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Yanke Bionics - What to Expect

Commonly asked questions about phantom limb sensations

  • What is phantom limb sensation? When people have an amputation, they usually have feelings in the limb that is missing. There may be tingling, a prickly sensation, or a numb feeling. The missing limb may feel hot or cold. It may feel like the toes or fingers are moving, that the limb is in a funny position, or there may be a feeling that the limb is still there. These feelings are called 'phantom limb sensations.' The sensations are very real; 'phantom' refers to the fact that the limb is missing. The important thing to know is that phantom limb sensations are perfectly normal, and almost all people with amputations experience them to some degree.
  • How long does phantom limb sensation last? How long phantom limb sensation lasts is different for everyone. In some people the phantom limb sensations go away in a few months. For most people with amputation the sensation decreases in how often it happens and how strong the sensation is during the first few months, but never goes away fully-even after 10 or 20 years some people still feel like their limb is still there. People with amputations become used to their phantom limb sensations and many grow to like their phantom limb sensations. Phantom limb sensations can go away in many different patterns. For most people with amputations the sensations simply become weaker and happen less often. Sometimes the upper part of the limb will fade away and the foot or hand sensation will remain. Sometimes it feels like the limb is getting shorter--this is called 'telescoping.'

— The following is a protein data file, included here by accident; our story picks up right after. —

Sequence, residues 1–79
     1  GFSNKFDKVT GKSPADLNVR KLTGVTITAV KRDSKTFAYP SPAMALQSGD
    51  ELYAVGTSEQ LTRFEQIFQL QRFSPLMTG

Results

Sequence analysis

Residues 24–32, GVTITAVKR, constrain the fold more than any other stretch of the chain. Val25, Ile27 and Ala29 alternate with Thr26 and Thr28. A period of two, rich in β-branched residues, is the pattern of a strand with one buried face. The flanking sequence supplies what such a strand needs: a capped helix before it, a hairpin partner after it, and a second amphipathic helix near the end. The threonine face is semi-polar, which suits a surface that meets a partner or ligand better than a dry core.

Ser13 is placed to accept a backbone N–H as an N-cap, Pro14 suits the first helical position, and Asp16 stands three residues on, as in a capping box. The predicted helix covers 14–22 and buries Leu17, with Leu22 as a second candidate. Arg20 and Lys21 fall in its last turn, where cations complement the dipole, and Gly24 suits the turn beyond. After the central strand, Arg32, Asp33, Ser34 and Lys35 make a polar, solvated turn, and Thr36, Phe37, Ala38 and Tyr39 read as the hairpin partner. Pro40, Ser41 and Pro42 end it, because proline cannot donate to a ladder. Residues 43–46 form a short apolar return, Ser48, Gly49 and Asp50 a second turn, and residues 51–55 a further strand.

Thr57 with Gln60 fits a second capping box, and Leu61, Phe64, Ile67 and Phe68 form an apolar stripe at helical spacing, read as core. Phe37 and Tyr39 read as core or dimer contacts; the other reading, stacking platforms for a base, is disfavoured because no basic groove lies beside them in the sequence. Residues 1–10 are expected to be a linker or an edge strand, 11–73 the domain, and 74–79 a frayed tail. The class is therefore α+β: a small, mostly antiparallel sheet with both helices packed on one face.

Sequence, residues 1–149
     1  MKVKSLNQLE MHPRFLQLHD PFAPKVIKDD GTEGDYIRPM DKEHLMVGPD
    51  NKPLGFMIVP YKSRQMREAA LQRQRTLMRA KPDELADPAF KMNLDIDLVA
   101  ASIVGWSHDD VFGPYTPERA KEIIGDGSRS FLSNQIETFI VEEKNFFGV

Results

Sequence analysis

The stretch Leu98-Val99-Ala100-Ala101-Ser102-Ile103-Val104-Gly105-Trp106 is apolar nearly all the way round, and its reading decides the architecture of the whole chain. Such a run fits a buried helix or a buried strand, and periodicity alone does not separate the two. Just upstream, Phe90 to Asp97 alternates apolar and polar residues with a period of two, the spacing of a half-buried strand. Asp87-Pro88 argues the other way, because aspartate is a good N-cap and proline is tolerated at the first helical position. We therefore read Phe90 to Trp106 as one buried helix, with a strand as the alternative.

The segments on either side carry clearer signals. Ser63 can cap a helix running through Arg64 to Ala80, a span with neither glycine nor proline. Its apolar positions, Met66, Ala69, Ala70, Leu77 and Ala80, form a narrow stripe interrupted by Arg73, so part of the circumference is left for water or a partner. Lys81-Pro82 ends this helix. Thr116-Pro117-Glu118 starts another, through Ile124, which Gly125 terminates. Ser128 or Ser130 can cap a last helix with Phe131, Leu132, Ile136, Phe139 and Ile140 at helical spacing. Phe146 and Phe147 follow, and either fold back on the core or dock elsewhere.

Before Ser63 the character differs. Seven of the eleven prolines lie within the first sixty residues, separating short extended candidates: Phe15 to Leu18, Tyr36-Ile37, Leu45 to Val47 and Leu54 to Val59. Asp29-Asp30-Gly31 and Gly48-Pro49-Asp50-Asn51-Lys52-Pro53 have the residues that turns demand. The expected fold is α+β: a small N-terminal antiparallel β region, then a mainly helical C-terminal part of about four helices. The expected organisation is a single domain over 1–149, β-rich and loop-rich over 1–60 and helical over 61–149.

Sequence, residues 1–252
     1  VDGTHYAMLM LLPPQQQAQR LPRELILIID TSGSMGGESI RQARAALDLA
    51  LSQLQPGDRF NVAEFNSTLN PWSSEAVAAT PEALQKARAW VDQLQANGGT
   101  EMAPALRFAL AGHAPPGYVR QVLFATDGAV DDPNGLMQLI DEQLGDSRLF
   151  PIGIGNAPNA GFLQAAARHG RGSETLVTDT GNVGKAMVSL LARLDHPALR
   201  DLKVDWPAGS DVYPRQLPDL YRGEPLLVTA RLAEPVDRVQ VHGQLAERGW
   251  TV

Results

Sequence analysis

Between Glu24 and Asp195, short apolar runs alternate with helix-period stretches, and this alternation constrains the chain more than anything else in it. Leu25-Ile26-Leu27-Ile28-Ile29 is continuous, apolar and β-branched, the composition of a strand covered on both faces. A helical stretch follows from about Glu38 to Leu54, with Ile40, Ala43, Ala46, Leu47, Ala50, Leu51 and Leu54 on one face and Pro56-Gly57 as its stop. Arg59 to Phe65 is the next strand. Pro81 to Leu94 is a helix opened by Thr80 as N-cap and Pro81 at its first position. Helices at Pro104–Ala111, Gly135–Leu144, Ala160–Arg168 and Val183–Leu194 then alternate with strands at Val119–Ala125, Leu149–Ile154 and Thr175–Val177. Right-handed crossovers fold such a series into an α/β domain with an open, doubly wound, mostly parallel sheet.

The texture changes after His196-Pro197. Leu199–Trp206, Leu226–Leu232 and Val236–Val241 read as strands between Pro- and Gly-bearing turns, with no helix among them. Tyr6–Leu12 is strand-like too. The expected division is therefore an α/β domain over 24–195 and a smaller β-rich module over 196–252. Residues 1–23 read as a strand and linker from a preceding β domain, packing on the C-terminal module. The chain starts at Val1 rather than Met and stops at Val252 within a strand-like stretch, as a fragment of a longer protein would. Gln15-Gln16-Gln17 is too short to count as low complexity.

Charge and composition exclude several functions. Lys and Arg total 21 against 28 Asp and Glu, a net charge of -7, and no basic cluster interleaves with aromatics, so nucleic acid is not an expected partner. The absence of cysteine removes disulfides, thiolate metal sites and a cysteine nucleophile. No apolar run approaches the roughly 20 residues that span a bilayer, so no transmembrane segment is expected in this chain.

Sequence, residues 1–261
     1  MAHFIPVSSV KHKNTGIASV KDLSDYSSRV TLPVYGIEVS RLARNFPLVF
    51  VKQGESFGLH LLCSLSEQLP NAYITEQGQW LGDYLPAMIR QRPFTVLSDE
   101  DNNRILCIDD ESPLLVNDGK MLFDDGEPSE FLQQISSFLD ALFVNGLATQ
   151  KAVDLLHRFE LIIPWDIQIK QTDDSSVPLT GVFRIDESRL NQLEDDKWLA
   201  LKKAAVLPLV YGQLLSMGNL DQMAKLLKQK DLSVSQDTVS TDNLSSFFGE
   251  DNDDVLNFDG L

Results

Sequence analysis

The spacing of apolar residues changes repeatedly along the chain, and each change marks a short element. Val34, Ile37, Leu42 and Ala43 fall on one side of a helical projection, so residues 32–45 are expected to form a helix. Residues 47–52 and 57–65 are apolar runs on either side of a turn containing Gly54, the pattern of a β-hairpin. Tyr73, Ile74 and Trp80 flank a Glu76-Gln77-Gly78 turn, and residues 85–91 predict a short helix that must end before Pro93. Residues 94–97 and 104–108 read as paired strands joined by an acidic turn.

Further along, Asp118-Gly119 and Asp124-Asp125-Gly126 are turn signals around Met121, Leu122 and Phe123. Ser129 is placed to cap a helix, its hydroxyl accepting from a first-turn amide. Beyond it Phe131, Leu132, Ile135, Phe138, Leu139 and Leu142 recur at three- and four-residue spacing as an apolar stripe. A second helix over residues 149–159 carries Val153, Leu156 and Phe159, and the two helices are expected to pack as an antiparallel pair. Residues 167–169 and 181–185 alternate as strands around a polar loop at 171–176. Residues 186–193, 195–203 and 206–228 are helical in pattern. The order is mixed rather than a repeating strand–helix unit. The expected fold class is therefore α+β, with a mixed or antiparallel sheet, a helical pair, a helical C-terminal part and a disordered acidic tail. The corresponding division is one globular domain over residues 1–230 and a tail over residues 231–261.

• What about phantom limb pain? All people have some pain in their residual limb right after the amputation. This is surgical pain and it is unavoidable. Fortunately, this pain goes away in a few days or weeks, just like any other surgical pain. Pain in the missing part of the limb is called 'phantom limb pain.' Many amputees feel some phantom limb pain. It is usually described as a sharp or shooting pain. Sometimes it is an achy pain or burning. The pain is usually worst just after amputation and decreases rapidly in the first few weeks after surgery. In many amputees phantom limb pain may persist as an infrequent, short spell of pain lasting a few seconds or a few minutes. Only a small number of patients have ongoing, severe phantom limb pain.
  • Is phantom limb pain treatable? Yes! There are several ways to treat phantom limb pain. One of the easiest and best treatments is massage. Massaging the residual limb helps to lower phantom limb pain and can control the problem. Other simple treatments include tapping, friction rub, and compression socks. Phantom limb pain is often linked with stress. Many people find that if they can relax and lower their stress level, the phantom pain subsides. Therefore stress reduction techniques can help treat phantom limb pain. If the phantom limb pain is bad enough that it is interfering with sleep or a person's ability to do things, then there are a number of medicines that can help with the treatment of phantom limb pain. Your doctor will be happy to discuss these with you.

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